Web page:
8,000 Children Have Been Victimized by Boko Haram

Boko Haram victims
Aishat Alhaji , One of the freed Kidnapped Government Girls Science and Technical College Dapchi, seen after her released by Islamist Terrorist in Dapchi, Nigeria. Wednesday March. 21, 2018. Boko Haram extremists returned almost all of the 110 girls abducted from their Nigeria boarding school a month ago with an ominous warning, witnesses said Wednesday. The fighters rolled into Dapchi around 2 a.m. in nine vehicles and the girls were left in the center of town. (AP Photo/Jossy Ola)

In its decade-long campaign of violence in Nigeria, the Islamic terrorist organization Boko Haram has recruited and enslaved more than 8,000 children. That number is part of a new United Nations report released on Monday.

Boko Haram uses children for both combatant and noncombatant roles, according to Sylvester Tunde Atere, national project officer of the U.N. Office on Drugs and Crimes (UNODC). Some are used in suicide bombings, while others are kidnapped and forced into marriage. Poor children are at greatest risk of exploitation because the terrorist group promises recruits food and money.

Boko Haram Victims and Recruits Face “lasting traumatic effects”

Since 2009, Boko Haram (which means “Western education is forbidden”) has terrorized West Africa in an attempt to institute Sharia, or Islamic law. Atere of the UNODC says the impact on children has been particularly devastating. “Rehabilitating and reintegrating these children pose significant challenges not only in view of their number but also due to the intense and lasting traumatic effects,” he says.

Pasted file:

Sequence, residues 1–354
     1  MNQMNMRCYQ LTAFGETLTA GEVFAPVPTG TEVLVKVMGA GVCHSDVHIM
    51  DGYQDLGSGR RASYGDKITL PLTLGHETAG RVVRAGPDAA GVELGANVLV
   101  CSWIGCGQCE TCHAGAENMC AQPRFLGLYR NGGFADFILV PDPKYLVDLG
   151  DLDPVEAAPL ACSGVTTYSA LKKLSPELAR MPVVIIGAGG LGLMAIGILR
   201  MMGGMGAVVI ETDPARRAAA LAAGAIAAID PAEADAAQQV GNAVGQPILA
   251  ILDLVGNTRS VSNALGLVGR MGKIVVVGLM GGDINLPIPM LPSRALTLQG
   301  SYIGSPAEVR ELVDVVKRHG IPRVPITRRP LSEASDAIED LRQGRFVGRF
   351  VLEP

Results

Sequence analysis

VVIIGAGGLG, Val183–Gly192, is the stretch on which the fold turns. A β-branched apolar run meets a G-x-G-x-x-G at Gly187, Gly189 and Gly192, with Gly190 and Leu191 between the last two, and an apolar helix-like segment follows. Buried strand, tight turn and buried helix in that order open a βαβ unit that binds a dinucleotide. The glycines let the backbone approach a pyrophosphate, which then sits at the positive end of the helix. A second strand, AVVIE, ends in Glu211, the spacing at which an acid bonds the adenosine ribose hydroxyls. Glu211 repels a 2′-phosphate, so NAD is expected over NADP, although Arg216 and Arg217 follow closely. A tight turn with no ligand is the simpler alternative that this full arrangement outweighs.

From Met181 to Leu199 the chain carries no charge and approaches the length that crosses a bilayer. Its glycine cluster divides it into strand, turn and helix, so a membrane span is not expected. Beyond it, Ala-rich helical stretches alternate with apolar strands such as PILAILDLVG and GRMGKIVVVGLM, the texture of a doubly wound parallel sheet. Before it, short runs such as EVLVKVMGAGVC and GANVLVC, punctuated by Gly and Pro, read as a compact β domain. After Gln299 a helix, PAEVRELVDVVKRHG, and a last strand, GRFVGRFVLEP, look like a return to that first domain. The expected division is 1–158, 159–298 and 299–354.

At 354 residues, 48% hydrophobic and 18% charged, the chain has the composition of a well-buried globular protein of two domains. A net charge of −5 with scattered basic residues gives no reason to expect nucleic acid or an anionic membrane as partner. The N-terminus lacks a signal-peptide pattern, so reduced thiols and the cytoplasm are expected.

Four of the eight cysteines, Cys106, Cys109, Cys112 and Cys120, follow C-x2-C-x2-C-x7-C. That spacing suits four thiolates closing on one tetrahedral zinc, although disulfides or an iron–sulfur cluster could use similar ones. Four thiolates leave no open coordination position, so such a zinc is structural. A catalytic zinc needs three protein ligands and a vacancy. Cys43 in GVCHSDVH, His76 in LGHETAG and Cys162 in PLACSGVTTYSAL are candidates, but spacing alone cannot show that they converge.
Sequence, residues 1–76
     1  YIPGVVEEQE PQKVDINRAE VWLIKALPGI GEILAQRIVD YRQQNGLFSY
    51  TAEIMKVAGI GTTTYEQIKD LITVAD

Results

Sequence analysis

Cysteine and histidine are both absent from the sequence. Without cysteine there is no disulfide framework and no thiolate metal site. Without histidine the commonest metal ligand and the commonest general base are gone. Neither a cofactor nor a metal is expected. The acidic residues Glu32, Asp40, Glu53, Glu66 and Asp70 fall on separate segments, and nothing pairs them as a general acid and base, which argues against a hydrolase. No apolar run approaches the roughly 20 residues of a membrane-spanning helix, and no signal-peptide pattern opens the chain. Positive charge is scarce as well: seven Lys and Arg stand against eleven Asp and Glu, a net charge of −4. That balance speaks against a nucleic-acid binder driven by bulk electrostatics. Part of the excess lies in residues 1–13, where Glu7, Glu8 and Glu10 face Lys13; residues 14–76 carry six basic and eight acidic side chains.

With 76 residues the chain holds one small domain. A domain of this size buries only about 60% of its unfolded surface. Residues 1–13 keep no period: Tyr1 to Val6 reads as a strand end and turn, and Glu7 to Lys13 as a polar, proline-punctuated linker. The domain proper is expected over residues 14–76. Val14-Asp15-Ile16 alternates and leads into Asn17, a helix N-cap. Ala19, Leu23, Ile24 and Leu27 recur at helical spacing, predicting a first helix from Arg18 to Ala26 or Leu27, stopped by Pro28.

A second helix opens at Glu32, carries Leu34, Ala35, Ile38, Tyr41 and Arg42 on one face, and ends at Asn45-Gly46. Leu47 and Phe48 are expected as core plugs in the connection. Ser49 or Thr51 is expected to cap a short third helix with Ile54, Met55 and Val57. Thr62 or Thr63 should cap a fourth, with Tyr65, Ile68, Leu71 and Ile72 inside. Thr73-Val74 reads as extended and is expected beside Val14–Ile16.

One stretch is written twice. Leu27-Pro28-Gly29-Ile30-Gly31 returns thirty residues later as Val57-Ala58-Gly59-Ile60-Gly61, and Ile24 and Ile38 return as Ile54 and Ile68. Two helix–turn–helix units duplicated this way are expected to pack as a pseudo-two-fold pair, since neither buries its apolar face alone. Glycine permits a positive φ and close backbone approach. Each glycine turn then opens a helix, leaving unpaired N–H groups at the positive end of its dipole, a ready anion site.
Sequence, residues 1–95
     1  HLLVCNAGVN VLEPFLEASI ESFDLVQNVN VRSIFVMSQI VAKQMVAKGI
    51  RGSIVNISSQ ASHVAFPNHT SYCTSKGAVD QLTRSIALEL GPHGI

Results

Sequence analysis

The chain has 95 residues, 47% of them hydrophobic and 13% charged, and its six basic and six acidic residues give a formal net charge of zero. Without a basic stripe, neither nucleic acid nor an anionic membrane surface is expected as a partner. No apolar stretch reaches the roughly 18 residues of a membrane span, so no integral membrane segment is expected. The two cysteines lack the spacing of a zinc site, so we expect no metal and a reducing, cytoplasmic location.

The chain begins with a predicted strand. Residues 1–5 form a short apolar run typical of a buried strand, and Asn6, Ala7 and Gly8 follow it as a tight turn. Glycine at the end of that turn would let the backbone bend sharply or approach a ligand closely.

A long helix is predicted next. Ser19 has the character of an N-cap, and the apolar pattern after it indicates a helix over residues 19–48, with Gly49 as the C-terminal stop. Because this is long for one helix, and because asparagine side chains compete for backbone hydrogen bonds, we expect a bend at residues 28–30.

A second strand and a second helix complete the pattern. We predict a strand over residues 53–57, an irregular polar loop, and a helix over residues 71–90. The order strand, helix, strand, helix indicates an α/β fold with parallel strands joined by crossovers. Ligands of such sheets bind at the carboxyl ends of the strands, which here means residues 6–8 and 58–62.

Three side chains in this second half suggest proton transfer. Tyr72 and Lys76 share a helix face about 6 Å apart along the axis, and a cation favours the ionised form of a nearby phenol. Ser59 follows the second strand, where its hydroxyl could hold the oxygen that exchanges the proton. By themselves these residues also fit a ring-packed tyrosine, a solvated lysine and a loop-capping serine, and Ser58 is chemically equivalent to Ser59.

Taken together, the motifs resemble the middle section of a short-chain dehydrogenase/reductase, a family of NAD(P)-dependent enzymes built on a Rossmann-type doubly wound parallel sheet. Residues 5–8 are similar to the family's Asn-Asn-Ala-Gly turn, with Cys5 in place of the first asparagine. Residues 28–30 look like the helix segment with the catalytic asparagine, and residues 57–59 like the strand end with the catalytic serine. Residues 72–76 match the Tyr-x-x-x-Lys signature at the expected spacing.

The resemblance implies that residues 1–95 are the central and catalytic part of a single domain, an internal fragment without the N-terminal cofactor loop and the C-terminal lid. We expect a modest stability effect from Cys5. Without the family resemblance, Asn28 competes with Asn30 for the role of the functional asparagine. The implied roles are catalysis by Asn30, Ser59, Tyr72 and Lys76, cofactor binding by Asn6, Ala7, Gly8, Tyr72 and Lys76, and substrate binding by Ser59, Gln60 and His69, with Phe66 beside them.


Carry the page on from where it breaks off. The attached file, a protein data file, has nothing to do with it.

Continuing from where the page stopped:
In April, on the fifth anniversary of the kidnapping of 276 schoolgirls in Chibok, Nigerian President Muhammadu Buhari promised, “We will not rest until all the remaining girls are back and reunited with their families.” More than 110 are still missing. Buhari added, “We will never give up on our missing daughters, including Leah Sharibu and all the other people held hostage by Boko Haram.”

Sharibu is one of more than 100 girls kidnapped in February 2018. Five were killed, and all but Sharibu, who’s a Christian, were released. Her mother has asked U.S. officials to intervene, and last week Vice President Mike Pence met with Nigeria’s vice president to discuss the situation.

This week, journalist Isha Sesay released Beneath the Tamarind Tree, a book detailing the recovery of many of the released Chibok Girls. Sesay hopes to remind the world of all the Nigerian children and teenagers who remain in captivity.

How Christians Can Help Children in Nigeria 

The U.N.’s numbers “are clearly devastating and high, but they are not very surprising,” says Nathan Johnson of the nonprofit charity International Christian Concern (ICC). Johnson, ICC’s Regional Manager for Africa, tells ChurchLeaders.com that 8,000 children “is a very reasonable number to believe,” considering the mass kidnappings and “knowing that millions of children have been prevented from going to school.”

In Nigeria, Johnson reports, ICC sponsors 50 children from families displaced by Boko Haram violence, covering their primary-education costs so parents can find jobs and establish homes. In Benue State, ICC supports an orphanage that cares for more than 50 children. Another outreach involves communal farms for families who’ve lost breadwinners or access to their land. “We provide all the essentials…that allow farmers to support their families once again,” Johnson says. 

The most frequent request from Nigerian Christians is prayer, according to Johnson. Supporting groups that educate children also is crucial, he says, because schooling helps kids “rise above the potential pool of recruits” to terrorist groups. Adoption is another big need, due to the high number of war orphans.

Raising awareness among local government officials is key, Johnson adds. “If they know voters care about an issue, leaders are much more likely to address it in Congress. This also helps when groups like ICC advocate to Congress or the State Department to pressure international governments to stop these kinds of acts.”

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Stephanie Martin
Stephanie Martin, a freelance journalist, has worked in Christian publishing for 27 years. She’s active at her church in Lakewood, Colorado, where she lives with her husband and two teenage daughters.